Buildings and facilities play an integral role in the prevention of food processing contamination. In fact, the way facilities are designed can significantly facilitate important maintenance and sanitation operations.
There are 3 main aspects to consider: exterior grounds; facility construction; and facility doorways.
Preventing external contamination is essential for food operations. The exterior grounds surrounding your operation need to be maintained to protect against contamination from...
- Measures should be taken to control pests around the building.
- Cut weeds and grasses frequently, eliminate standing water, maintain waste disposal areas, and use shrubs and trees that do not attract insects and birds.
- You should also remember to properly store idle equipment and parts that are left outside away from manufacturing buildings.
Dust, dirt and water
To prevent sources of airborne dirt or other contamination that could enter the operation, eliminate any source of mud that could be tracked into the facility.
Make sure to maintain roads, parking lots, and yard areas. Also, provide for 'no vegetation' strips around exterior walls, and cover the strip with crushed stone or a similar material.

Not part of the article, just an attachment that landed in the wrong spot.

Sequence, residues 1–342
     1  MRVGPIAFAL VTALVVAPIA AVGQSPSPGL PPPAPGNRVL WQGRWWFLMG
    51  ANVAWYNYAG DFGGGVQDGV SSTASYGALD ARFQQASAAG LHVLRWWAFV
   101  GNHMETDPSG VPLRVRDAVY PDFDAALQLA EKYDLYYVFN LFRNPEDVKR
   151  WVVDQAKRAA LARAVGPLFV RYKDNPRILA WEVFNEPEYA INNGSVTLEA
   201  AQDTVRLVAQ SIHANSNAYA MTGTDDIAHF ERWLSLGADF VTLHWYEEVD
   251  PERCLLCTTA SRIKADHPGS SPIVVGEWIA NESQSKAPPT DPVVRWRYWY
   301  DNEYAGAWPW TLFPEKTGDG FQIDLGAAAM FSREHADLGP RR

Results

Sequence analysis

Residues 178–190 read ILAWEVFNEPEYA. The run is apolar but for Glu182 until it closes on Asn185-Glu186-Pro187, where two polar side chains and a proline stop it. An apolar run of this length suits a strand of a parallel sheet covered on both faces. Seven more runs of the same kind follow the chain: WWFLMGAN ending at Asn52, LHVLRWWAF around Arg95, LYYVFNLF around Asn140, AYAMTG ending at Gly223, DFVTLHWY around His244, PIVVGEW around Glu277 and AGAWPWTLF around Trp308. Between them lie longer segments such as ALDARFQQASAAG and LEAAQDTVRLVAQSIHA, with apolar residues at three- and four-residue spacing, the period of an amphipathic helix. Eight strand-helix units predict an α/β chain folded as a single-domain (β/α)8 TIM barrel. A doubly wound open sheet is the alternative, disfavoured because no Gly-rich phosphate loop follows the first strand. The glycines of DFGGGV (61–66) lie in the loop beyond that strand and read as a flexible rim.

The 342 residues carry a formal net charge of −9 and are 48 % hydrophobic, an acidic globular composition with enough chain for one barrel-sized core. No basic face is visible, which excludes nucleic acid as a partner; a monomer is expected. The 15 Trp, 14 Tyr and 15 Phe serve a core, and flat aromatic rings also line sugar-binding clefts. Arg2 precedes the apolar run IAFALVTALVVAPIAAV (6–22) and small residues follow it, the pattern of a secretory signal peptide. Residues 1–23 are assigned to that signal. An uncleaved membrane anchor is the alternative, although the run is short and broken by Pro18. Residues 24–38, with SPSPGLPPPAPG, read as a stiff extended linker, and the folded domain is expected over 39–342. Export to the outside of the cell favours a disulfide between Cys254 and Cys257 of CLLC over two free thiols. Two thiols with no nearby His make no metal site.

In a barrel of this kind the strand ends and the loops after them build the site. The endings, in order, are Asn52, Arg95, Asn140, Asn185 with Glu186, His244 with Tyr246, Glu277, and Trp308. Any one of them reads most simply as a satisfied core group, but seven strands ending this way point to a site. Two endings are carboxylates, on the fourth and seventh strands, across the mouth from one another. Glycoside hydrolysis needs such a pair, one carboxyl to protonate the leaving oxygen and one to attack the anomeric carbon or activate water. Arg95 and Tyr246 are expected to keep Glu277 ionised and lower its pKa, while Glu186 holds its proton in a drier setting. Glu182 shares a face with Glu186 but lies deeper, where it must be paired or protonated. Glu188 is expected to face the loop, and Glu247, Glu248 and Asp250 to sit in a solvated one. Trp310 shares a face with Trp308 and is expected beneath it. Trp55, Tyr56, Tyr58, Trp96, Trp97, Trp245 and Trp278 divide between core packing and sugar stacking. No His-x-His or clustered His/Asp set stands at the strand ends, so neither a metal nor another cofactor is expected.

In addition to the above, you must regularly audit your processes to that you can spot and correct flaws quickly.
For food operations to be safe, your buildings must be constructed in the right way in terms of size and design.
Your facility must be:
- A size that allows adequate moving of equipment in the course of production, maintenance and sanitation activities.
- Designed to minimise the threat of food contamination - including food-contact surfaces and food packaging materials. For example, by using enclosing systems, physical separation (walls or space), logical traffic flow patterns, and appropriate air flow in finished product areas.
- Designed to control condensate, leaks or drippage from walls, ceilings, pipes, ducts and roofs - especially over product zones.
- Designed to control water from any source in production areas to prevent the risk of salmonella growth.
- Designed to eliminate or protect glass by enclosing it while still allowing for enough lighting to maintain sanitation.
- Constructed with materials and in a way that allows walls, ceilings and floors to be sufficiently cleaned and kept in good repair.
Without these measures, food safety may be compromised.
Doorways play a critical role in contamination control of your facilities. Where possible, it is good practice to form Airlock entries into your facilities, to prevent contaminants from entering critical hygiene areas.
- Allow free movement of all expected traffic types and vehicles within your operations.
- Close quickly and automatically, after use.
- Seal well when closed, to prevent passage of airborne contaminants or pests.
- Where food contact with doors is possible, construction materials should be certified as food contact safe.
- Placed strategically to provide separation between controlled zones of your facilities.
- Be of substantially robust design to allow for volume of traffic expected. Design should be such that will withstand minor impact from traffic.